The personal attack on Mr. Yang is unfair, to say the least. Instead of citing the treaties and other documents, the vernacular insisted, he has historical facts and the United Nations Convention on the Law of the Sea to back up Taiwan's claim to the islets. But that isn't quite true. Incidentally, the paper only made mention of fishermen from Taiwan fishing in waters off the Tiaoyutais since 1895 as a historical fact to prove it is a “traditional fishing ground of our ancestors.” Another historical fact mentioned is that the Tiaoyutais, which was called Uotsuri-jima, was under the jurisdiction of the county of Yilan during Japan's colonial rule of Taiwan, but the truth is the islet our fishermen called “No Man's Island” was placed under the prefecture of Taihokuwhich had the Girangunfrom 1920 to 1945. It is also open to doubt that Taiwan's fishermen, without powered fishing boats, could fish near No Man's Island right after Taiwan was ceded to Japan under the Treaty of Shimonoseki.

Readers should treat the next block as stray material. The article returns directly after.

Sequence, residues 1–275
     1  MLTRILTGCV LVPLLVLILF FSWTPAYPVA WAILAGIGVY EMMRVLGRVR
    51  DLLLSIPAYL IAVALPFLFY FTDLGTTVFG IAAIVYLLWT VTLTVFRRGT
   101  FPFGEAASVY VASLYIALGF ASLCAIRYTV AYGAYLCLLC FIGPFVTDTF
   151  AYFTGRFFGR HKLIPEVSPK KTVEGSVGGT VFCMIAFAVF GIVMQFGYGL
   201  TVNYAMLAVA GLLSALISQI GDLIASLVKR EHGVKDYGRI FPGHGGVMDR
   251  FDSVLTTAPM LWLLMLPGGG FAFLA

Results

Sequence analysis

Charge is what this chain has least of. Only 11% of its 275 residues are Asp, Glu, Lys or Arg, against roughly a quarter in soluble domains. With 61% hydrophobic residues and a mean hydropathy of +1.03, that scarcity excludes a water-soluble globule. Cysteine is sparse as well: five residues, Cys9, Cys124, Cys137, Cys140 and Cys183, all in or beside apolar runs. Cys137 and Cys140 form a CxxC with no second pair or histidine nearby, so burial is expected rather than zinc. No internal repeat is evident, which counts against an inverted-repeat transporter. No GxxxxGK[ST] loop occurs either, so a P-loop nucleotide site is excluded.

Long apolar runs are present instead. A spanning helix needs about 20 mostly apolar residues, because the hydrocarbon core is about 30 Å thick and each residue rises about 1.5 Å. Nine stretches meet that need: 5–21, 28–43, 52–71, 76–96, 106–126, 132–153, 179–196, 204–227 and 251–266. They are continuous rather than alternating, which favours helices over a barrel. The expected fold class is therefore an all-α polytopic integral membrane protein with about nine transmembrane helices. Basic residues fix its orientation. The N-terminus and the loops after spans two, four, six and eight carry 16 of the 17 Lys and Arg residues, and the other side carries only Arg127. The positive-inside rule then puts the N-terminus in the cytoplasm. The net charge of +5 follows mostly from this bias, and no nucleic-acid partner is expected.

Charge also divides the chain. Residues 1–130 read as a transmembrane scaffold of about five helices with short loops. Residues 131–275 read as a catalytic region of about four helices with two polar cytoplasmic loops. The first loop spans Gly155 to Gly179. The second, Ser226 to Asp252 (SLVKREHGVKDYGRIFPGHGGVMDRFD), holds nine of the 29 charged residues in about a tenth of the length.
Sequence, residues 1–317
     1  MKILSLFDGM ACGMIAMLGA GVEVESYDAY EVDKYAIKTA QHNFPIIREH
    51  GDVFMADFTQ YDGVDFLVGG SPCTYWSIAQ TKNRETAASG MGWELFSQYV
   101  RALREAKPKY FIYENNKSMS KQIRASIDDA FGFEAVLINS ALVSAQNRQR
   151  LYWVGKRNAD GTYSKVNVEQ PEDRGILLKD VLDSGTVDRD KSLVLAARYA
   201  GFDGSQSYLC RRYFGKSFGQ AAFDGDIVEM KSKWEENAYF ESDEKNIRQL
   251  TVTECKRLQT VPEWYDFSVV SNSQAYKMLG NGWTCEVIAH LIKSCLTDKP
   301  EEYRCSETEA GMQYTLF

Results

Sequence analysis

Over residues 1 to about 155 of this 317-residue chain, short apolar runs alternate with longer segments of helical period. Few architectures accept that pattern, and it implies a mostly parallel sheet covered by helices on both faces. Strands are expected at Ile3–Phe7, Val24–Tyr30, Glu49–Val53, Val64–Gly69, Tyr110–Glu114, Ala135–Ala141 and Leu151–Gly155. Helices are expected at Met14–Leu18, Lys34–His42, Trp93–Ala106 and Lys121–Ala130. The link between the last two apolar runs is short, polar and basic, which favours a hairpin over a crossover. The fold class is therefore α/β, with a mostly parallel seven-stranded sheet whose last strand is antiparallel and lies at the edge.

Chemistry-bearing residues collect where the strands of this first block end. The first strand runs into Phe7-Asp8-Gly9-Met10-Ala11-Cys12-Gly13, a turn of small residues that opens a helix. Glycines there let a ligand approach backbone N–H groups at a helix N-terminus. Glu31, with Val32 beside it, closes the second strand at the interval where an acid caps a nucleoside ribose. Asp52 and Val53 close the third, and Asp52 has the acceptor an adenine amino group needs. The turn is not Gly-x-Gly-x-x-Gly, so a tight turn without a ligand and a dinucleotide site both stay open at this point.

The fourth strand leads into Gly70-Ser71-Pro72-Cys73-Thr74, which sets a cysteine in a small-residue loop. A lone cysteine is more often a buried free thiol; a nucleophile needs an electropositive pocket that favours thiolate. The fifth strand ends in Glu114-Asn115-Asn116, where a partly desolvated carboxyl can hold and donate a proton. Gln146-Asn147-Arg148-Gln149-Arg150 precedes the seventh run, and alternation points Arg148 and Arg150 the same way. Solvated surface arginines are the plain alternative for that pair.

The foreign minister didn't make mention of the historical claims of the Republic of China at the meeting, one of them dating back to 1785 with Japanese military strategist and cartographer Hayashi Shihei adopting the Chinese characters of Uotsuri-jima to annotate what are now called the Senkaku Islands in Japan painted in the same color as China in his monumental “Comprehensive Map of the Three Countries.” That's the historical fact of the Japanese admitting that the islets belonged to China rather than the kingdom of the Ryukyus, which Meiji Japan annexed as the prefecture of Okinawa in 1879. Nor did Mr. Yang try to justify the sovereignty claim by citing the U.N. convention, to which the Republic of China is not a signatory. Everybody knows the claim had better be based on treaties and similar documents. And at any rate, Mr. Yang wasn't redundant and deliriously talkative.